Thursday, April 14, 2011

L is for Loving It

A-Z Blog Challenge:L
Post by Guest Blogger Pam Swanwick

Good writing often stems from being passionate about your subject, or your goals, or the act of writing itself. But loving writing is just one aspect of becoming a successful writer. Passion is also driven by your love of life, of stories in all their richness, of relationships in all their complexity, and of crafting meaning out of chaos. It’s important to love your life so that you have the energy, time, and resources to devote to writing. But how do you find the time to pursue your passion, and then the energy to write about it?

A related question is, do you have to suffer to be a good writer? Much great literature has arisen from tortured artists. “I am a great artist and I know it. The reason I am great is because of all the suffering I have done,” said Paul Gauguin. Of a Top 10 Tortured Artists list of authors, musicians, and artists, 60% are authors. Famous tortured writers include Hunter S. Thompson, Virginia Woolf, Sylvia Plath, Fyodor Dostoyevsky, and of course, Earnest Hemingway.

But then, we don’t hear much about other authors who produced great art without great pain. Charles Dickens experienced his own dark beginnings which informed his writing, but there is scant evidence that he suffered for his art. Isaac Asimov, one of the most influential science fiction authors, wrote or edited over 500 books and, based on his multiple autobiographies, loved every minute of it. Even Stephen King announced that he was retiring and then found he couldn’t stop. In On Writing he said that it’s more painful not to write (paraphrased). Maya Angelou said “There is no agony like bearing an untold story inside of you.”

But how can you possibly love all the complicated aspects of your life in order to free your passion for writing? There is no simple answer, and the answer likely differs for every individual. My solution has been to rethink my life, from top to bottom, and “reframe” my thoughts and actions into a perspective that supports my love of life and writing. Here’s my secret:

Don’t do anything if you don’t love it.

More specifically:
• If you must do it, find a way to put it into a positive framework.

• If it is not essential to your physical, mental, and spiritual well-being, make the decision to change it.

Here’s how I have reframed my life:

• I never go to the gym to “work out.” Some people enjoy gyms, but I don’t. Instead, I’ve invested the time to find activities that I can love and practice for a lifetime. For me, that’s yoga, capoiera, and swing dancing.

• I’ve stopped reading so many pulp novels (which I very much enjoy) and watching so much TV. The satisfaction I get from meeting my (self-imposed) writing deadlines is so much more satisfying than the temporary escape I get from Gray’s Anatomy or John Grishham.

• I gave up a management position that inflated my ego and my bank balance. Instead, I took a technical writing job that gives me more time and energy to write.

• I’ve stopped hating the necessity of creating a platform for my work. Instead, I’m trying to embrace social media as an opportunity to stretch my writing range, communication skills, and technical expertise.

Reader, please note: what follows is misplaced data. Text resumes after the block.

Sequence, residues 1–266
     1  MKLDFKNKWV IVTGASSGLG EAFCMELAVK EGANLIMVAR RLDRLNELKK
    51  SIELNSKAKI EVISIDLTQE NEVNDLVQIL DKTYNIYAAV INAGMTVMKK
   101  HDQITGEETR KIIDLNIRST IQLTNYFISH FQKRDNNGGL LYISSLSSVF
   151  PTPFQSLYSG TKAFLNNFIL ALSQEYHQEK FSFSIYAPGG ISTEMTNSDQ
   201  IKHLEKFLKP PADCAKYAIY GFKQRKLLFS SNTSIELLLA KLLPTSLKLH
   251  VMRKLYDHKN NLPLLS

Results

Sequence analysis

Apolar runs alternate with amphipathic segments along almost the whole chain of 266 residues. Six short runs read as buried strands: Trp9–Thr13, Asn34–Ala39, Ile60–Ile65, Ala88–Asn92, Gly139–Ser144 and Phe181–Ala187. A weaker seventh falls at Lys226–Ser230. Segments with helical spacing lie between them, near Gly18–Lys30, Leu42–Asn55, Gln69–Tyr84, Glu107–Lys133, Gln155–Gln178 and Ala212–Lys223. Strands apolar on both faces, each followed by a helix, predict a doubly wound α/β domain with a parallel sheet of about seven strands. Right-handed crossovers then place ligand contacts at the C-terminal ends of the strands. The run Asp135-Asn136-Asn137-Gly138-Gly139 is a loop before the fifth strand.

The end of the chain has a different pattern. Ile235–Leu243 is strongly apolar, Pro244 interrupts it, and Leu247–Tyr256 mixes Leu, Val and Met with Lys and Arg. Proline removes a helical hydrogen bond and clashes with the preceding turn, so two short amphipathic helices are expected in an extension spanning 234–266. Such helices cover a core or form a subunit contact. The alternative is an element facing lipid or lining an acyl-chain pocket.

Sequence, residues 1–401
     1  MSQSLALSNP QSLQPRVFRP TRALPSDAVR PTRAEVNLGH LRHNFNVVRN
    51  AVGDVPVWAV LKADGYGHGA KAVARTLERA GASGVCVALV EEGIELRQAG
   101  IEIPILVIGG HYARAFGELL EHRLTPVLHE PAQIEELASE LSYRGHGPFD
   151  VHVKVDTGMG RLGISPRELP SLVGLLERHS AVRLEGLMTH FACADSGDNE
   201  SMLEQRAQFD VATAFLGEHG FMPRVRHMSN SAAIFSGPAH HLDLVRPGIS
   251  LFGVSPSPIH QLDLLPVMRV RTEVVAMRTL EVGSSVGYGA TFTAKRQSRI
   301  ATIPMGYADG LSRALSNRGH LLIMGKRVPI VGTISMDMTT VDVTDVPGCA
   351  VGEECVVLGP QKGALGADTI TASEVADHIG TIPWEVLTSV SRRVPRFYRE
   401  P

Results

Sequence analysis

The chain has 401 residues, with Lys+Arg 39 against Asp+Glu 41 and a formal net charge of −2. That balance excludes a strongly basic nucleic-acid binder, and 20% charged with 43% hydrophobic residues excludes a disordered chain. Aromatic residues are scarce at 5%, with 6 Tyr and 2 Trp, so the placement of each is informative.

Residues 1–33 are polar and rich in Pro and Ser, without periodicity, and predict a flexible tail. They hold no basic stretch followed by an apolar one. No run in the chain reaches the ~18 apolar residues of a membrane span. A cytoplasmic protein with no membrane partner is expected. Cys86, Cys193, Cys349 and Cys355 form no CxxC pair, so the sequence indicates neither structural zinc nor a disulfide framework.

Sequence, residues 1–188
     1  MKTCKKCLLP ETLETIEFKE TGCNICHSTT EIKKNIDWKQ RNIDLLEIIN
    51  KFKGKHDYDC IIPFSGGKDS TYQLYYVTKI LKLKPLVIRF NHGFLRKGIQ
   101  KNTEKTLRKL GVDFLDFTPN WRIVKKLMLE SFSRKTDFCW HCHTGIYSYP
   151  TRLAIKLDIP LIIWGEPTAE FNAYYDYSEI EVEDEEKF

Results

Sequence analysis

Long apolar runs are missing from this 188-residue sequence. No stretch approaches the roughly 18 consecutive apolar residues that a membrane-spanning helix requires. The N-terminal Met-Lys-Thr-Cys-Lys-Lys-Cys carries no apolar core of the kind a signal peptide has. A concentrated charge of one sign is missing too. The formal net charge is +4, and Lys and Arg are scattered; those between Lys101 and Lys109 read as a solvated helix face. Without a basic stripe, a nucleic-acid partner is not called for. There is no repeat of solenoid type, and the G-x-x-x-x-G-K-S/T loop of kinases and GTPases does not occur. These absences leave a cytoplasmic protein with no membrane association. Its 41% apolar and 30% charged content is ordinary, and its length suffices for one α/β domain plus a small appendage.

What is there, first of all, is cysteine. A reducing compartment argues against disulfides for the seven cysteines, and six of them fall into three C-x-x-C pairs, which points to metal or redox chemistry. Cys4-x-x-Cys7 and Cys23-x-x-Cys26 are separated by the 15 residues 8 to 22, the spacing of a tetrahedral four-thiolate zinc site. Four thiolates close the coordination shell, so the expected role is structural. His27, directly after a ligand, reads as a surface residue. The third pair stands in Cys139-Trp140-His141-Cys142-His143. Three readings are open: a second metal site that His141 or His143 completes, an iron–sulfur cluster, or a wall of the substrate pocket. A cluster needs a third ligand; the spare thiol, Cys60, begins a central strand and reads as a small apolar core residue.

How can you love your life more? How can you wring more passion and productivity from it, which you can then channel into your own writing?

Pam Swanwick’s mission is to find fiction that feeds the spirit, review the best novels, and share them with others at and (coming soon).



Heidi Windmiller said...

Wonderful post!

I've reframed my writing life recently. I read a post where the author said that every part of writing should be enjoyable, and if you aren't enjoying it, then you aren't doing it right.

I sat back and thought...really? This person can't be serious.

But some part of me listened. I stopped writing/editing/researching whenever it became "not enjoyable". Since that time, the quality and the quantity of my work have improved. I've found enjoyment in those things that I used to struggle with before (editing). And I am, decidedly, loving it!

Karen Walker said...

Wow, I am so impressed with the choices you have made. I am constantly reviewing things in my life and making different choices. Not always easy, but definitely soul-satisfying.

Laila Knight said...

Wonderful post. Thank you. Life is mostly about the way we perceive it. If we sit around and pout about it all day, we'll never enjoy it.

I do go to the gym often, but while I might be doing one curl after another, I'm reviewing the next scene that I'm suppose to be writing.

Have a great day!

Pam said...

Heidi, Karen, and Laila: Thank you so much for your kind words! I hope some small part of my approach can be of use to you. BTW, this is my first "real" blog post, thanks to Kerrie :-). As a writer, it's very encouraging to get your feedback. Happy wriitng to you all.

Dawn M. Hamsher said...

I love your decisions. Thank you for your honesty and willingness to share.

I also love a job that you don't have to take home with you! The money is not worth it.

Michelle Mach said...

Nice post!

I've never understood the people who moan about all the stages of writing all the time. Sure, there will be parts you like more than others, but if you hate it *all*, why are you doing it?

I've met a lot of great people online and for me, that makes the social media part worthwhile.

Patricia Stoltey said...

The conscious choice to love what we do goes a long way toward relieving stress and increasing happiness. Excellent post, Pam.

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